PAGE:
Gigaom reports that there is a new class action suit against Yelp for security law violations:
The complaint alleges Yelp violated securities law by committing “fraud on the market,” and claims that executive sold stock when the price was near a high of almost $90 in February; the price fell sharply shortly after this in light of the negative publicity surrounding the FTC complaints.
This suit, rather than attacking Yelp’s practices directly are alleging that Yelp made “false and misleading statements about their true business and financial condition” in regards to the “robustness of their algorithms designed to screen reviews” and the Company’s growth prospects and the “extent to which they were reliant upon undisclosed business practices”.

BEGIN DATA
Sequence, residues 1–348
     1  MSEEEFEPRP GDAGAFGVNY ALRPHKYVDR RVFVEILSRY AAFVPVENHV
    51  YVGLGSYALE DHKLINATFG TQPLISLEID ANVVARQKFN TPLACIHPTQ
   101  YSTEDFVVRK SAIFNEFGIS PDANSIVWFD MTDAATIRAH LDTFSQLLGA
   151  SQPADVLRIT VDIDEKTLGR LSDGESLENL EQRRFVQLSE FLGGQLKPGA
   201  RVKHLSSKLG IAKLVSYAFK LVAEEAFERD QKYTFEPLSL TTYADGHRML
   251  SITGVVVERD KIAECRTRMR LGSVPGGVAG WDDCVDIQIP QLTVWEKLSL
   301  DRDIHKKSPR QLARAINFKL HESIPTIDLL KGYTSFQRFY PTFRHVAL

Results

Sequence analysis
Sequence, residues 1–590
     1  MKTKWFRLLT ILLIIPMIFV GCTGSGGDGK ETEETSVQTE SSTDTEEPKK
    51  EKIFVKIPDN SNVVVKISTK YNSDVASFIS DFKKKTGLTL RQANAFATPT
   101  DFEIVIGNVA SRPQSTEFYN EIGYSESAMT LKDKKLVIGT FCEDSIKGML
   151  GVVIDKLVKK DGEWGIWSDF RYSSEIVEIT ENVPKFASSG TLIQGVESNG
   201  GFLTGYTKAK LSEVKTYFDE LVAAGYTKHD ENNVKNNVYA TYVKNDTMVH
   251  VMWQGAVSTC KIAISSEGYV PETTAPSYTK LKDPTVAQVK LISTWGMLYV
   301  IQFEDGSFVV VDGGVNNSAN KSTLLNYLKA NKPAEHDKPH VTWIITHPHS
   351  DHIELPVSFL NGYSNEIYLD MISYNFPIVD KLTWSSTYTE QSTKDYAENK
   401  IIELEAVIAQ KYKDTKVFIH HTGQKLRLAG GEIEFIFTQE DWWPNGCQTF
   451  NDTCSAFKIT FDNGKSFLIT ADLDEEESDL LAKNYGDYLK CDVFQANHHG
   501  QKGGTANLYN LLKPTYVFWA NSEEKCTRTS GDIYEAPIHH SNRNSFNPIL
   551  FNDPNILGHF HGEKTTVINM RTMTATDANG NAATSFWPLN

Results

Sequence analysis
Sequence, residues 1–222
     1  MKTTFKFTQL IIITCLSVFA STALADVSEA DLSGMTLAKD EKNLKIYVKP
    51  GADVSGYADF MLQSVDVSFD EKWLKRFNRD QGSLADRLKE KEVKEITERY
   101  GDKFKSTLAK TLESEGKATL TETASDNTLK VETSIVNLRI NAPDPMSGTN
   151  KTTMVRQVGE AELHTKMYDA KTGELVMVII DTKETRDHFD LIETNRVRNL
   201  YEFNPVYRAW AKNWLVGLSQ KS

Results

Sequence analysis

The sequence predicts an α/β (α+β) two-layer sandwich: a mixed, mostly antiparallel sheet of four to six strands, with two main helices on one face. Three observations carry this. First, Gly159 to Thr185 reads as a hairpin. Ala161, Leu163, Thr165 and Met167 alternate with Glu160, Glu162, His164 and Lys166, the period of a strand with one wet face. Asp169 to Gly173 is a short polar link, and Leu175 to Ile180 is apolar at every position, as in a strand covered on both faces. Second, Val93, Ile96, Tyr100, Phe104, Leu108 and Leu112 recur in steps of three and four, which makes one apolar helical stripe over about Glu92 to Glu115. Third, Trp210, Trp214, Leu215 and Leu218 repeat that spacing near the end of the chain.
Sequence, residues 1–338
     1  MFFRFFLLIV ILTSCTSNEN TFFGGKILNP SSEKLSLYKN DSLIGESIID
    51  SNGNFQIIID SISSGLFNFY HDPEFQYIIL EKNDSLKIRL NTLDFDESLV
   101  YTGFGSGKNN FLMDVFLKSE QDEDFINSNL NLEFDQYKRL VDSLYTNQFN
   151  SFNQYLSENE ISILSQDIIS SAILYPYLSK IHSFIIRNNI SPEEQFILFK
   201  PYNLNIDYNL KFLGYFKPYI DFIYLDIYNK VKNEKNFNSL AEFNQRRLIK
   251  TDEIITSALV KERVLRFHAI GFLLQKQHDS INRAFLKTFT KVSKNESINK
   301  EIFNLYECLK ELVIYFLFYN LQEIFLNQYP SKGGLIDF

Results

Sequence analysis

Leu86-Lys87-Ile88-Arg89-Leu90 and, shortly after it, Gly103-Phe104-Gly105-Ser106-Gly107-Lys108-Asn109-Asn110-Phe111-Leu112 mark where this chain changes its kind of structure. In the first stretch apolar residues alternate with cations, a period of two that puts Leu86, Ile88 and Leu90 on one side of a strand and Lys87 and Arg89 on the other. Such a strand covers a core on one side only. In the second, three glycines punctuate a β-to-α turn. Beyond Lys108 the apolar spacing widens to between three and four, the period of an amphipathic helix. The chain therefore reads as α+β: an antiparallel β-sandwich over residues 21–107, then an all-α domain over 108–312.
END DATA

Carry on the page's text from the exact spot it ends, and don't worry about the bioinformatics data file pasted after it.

From the filing:
(a) Reviews, including anonymous reviews, appearing on the Company’s website were not all authentic “firsthand” reviews, but instead included fraudulent reviews by reviewers who did not have first-hand experience with the business being reviewed;
(b) Algorithms purportedly designed to screen unreliable reviews did not comprehensively do so, and instead, the Company allowed such unreliable reviews to remain prominent while the Company tried to sell services designed to suppress negative reviews or make them go away; and
(c) In light of the above facts, the representations concerning the Company’s current and future financial condition and prospects, and the extent to which they were reliant upon undisclosed business practices, did not have a reasonable basis.
It will be interesting to see if these new angles of “attack” on Yelp are any more successful than previous suits.
Here is the complete filing for Curry vs Yelp.
Yelp Being Sued in San Francisco Courts for Misleading Investors by Mike Blumenthal